I shared a LinkedIn post recently featuring Belinda Parmar, who has the brilliant job title of ‘Empathy In Residence’ at one of the world’s leading banks, Barclays in London, with the responsibility to measure and manage empathy levels in that institution.
However the article, reproduced from The Guardian newspaper, was about her experience in promoting technology as an enabler, especially amongst women, and then her and her son’s subsequent addiction to the technology she was advocating.
Most recently it details her ‘poacher turned gamekeeper’ experience in establishing a campaign, ‘The Truth About Tech’, to publicise and counter what she sees is the drive of the technology giants, she calls them ‘digital dictators’, to feed our dopamine addiction and generate greater profits.
Whilst in part their behaviour is no different from that of companies in other sectors feeding our addictions, from prescription drugs, gambling and tobacco, to alcohol and even sugar, I do understand and commend her concern for the welfare of the next generation.
With the experience of her son and his friend, she feels that our children are most at risk and as the parent of two teenage boys with an almost unhealthy interest in 2K, the online basketball game, I can understand that and all that it could entail.
Belinda Parmar wants these digital dictators to be accountable and moderate their own behaviour by providing addiction ratings on video games and rethinking automatically playing video features.
Within the article there were two interesting cameos featuring Professor Mark Griffiths of Nottingham Trent University and Richard Graham, a child and adolescent psychiatrist who runs the Tech Addiction Service at London’s private Nightingale hospital.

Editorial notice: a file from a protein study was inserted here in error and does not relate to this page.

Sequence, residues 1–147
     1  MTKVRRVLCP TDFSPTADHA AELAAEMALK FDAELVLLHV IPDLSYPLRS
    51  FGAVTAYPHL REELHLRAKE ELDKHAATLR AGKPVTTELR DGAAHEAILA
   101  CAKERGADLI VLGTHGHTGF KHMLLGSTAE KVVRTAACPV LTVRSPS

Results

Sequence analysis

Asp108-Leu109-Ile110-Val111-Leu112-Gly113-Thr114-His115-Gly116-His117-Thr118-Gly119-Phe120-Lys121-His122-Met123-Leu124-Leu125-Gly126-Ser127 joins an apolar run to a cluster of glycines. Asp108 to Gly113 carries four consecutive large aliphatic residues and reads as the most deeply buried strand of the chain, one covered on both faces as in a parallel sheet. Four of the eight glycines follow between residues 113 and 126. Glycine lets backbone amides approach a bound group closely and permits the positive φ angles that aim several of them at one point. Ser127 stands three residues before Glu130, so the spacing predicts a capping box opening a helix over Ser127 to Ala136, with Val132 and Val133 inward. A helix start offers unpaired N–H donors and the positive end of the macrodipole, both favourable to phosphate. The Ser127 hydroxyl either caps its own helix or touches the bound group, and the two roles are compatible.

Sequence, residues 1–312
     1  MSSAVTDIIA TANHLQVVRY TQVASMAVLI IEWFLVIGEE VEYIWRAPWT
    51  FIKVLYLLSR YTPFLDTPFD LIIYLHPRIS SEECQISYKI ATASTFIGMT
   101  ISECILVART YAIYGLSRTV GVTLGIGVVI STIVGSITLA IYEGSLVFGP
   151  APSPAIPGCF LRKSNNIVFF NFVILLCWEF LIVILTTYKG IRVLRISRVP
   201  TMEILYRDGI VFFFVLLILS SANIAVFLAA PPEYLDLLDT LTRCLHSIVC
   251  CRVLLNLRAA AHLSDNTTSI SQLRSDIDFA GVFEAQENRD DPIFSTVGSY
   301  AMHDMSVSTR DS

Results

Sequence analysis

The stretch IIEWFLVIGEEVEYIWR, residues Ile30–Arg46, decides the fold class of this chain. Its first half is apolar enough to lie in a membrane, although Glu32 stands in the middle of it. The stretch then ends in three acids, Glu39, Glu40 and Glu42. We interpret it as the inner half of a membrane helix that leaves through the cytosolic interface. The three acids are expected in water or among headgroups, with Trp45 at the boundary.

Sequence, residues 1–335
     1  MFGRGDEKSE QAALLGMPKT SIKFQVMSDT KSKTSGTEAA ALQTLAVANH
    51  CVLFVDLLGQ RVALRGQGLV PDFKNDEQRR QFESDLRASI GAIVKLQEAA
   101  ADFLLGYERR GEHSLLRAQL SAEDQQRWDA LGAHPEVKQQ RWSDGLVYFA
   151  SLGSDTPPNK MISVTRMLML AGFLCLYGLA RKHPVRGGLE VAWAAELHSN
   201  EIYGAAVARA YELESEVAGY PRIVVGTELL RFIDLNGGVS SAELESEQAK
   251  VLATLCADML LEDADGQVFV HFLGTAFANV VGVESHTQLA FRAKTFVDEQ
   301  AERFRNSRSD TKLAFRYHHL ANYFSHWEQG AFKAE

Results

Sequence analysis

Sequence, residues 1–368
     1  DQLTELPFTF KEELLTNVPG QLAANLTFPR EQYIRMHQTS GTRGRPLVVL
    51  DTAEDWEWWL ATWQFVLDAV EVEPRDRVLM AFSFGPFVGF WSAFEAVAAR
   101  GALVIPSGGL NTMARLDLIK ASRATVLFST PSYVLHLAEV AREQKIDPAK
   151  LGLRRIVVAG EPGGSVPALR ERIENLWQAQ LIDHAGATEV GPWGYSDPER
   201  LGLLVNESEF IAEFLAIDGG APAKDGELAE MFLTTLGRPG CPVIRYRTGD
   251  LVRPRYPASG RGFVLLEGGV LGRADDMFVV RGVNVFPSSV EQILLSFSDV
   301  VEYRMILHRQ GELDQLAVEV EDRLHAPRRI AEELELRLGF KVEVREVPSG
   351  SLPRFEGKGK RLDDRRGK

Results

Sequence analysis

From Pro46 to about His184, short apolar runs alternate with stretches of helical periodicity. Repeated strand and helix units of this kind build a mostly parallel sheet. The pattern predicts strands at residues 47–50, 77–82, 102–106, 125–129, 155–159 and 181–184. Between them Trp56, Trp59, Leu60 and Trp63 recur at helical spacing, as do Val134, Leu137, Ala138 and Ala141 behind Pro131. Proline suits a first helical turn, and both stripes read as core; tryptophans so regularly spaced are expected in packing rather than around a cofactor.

Griffiths is more measured about what he sees as the effects of technology addiction, observing “that it may be one of the reasons for the drop in youth crime over the past 25 years” and that “for someone to be genuinely addicted to technology, that technology has to be the single most important thing in their life – they do it to the neglect of everything else – and very few people fulfill that.”
Graham notes that, “we’re psychologically cyborgs now, whether we like it or not. We’re integrating these devices into our mental functioning, into our social and emotional lives”
However both these experts agree that abstinence is not the way forward: instead, we need to build what they call digital resilience, and learn to use technology in a measured, controlled way.
Richard Graham signed off with a four step plan to Building your Digital Resilience:
1 Be united as a family. Use the American Academy of Pediatrics family media plan but remember: “The whole family needs to buy into this.”
2 Plan activities outside the home. Go to the cinema, for example. “It’s a shared experience, and there’s a narrative to stoke the imagination.”
3 Vary your digital diet. “People get stuck in very simple diets of media consumption, using the same platforms, games and messaging apps. Using different platforms is important – it’s about moving between them and having a sense of ease of being able to do something, then stop and move on.”
4 Live healthily. Sleep enough, eat well, drink enough water and do some physical activity every day.
It’s an interesting debate already and will continue to be so. View Guardian article